NORRIS: Tonya?

Ms. PINKINS: I read all the 10 before we did "Radio Golf." And it was just fascinating to me to see how each decade, he really shows you how slavery was still present in a new form.


Ms. PINKINS: The dialogue is just truth. In a way, it's the most difficult material I've ever had to memorize because it is a piece of music. And if you skip a word, you have changed the song.

(Soundbite of stage play, "Radio Golf")

Ms. PINKINS: (As Mame Wilks) Commissioner Bell needs to be at the groundbreaking. and you're going to have to play. Smile, shake hands, let the commissioner get his picture with you holding the silver shovel.

Ms. PINKINS: That music is so specific to those characters and that era, and all of the voices of African-Americans have a similarity. It's just easy to fall into your specific personal rhythm, as opposed to the very specific rhythm that August wrote.

Mr. WILLIAMS: He knew every word he ever wrote. And he came to me once and looked at me, and he said, you know on page 37, where you had that pause? He said, that's a comma, not a period. And I went back and looked at the script, and he was right.

NORRIS: Okay. When you both worked on "Radio Golf," was that a bit of a bittersweet experience? I mean, August Wilson died before he saw that play reach Broadway.

Mr. WILLIAMS: Yeah. It was hard. It was very hard from the early days. Once we left Yale and he got his diagnosis, what it instilled in us was a sense of a mission. But we also knew that he was - he could've taken medication to have prolonged his life, but the medication would have left him, made it very difficult for him to write coherently. So he made the choice to finish the play.

And when someone makes that kind of choice, those days when you come into rehearsal and you feel tired, or days when you're having problems, you kind of - you had to kick him to the curb because you say, okay. This man is spending the last amount of life force to complete this thing. I can't do anything but meet it with all I've got to give every day.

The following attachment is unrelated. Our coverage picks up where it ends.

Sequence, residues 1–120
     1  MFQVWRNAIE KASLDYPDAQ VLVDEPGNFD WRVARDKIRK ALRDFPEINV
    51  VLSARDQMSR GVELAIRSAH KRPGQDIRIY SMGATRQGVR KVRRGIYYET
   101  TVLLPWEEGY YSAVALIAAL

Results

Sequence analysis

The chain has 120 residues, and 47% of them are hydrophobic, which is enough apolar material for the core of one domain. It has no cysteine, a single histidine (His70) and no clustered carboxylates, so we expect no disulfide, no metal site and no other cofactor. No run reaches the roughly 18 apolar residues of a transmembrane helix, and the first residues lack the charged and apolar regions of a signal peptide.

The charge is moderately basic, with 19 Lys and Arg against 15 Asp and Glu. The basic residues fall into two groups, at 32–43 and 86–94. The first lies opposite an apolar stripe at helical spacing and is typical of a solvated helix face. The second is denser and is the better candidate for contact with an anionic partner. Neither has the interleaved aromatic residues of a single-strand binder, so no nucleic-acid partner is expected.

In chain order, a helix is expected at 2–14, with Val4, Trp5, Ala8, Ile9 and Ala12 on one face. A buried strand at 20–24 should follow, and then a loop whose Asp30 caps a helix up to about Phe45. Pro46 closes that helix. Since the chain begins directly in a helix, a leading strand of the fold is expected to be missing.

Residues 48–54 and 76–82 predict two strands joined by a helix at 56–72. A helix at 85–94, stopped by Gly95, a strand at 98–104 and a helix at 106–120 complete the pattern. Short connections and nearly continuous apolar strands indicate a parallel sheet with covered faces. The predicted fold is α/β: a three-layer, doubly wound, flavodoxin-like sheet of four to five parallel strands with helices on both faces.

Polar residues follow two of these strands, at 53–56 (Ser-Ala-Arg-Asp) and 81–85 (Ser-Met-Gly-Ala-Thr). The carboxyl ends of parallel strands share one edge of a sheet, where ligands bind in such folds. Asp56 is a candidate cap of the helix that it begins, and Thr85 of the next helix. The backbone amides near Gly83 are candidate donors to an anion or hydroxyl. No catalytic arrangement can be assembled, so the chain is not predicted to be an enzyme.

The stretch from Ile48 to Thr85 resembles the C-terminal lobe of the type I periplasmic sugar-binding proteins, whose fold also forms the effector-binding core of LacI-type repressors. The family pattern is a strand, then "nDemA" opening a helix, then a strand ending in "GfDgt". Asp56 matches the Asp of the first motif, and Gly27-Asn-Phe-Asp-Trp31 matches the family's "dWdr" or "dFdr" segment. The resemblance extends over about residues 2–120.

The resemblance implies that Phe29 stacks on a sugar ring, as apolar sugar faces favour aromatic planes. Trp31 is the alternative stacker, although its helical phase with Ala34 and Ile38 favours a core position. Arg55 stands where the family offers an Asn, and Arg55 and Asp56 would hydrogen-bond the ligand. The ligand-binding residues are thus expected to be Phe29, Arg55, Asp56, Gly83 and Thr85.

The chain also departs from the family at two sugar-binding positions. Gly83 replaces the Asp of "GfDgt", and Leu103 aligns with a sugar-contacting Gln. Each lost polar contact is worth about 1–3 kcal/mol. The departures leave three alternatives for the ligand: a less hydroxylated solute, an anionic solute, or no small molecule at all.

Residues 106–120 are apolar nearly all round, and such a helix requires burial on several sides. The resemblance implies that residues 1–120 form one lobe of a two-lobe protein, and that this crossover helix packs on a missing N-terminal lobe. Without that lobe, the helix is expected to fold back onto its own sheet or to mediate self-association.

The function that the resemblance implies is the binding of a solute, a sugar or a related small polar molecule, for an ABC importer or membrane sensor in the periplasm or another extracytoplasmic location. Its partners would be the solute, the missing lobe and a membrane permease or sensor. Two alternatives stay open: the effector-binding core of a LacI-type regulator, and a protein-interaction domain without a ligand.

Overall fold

Ms. PINKINS: And my selfish sadness about it is that before August, this canon of work and opportunities for actors did not exist. And it took a Lloyd Richards…

NORRIS: You're talking about the director, Lloyd.

Ms. PINKINS: Yes, the director Lloyd Richards, to even bring it to the world on Broadway level. And to have lost both of them in the last few years, the combination of August and Lloyd created something - an opportunity for a 10-play cycle to actually happen that had never happened before in history. And, you know, I wonder who's going to lead that way.

NORRIS: Tonya Pinkins, James Williams, thanks so much for coming in to talk to us and taking us down memory lane.

Ms. PINKINS: Thank you, Michele.

Mr. WILLIAMS: Thank you.

NORRIS: James Williams and Tonya Pinkins.

Next up for Pinkins, a movie out this November called "Enchanted." James Williams will be performing in his seventh August Wilson play, "Joe Turner's Come and Gone." That's at Center Stage in Baltimore.

This month, the "Century Cycle" is available for the first time in a boxed set of 10 beautiful books. And at our Web site, you can hear a classic example of August Wilson's language. A character named Citizen reminisces about a woman in a blue dress. It's from the play "Gem of the Ocean." That's at

Copyright © 2007 NPR. All rights reserved. Visit our website terms of use and permissions pages at for further information.

NPR transcripts are created on a rush deadline by Verb8tm, Inc., an NPR contractor, and produced using a proprietary transcription process developed with NPR. This text may not be in its final form and may be updated or revised in the future. Accuracy and availability may vary. The authoritative record of NPR’s programming is the audio record.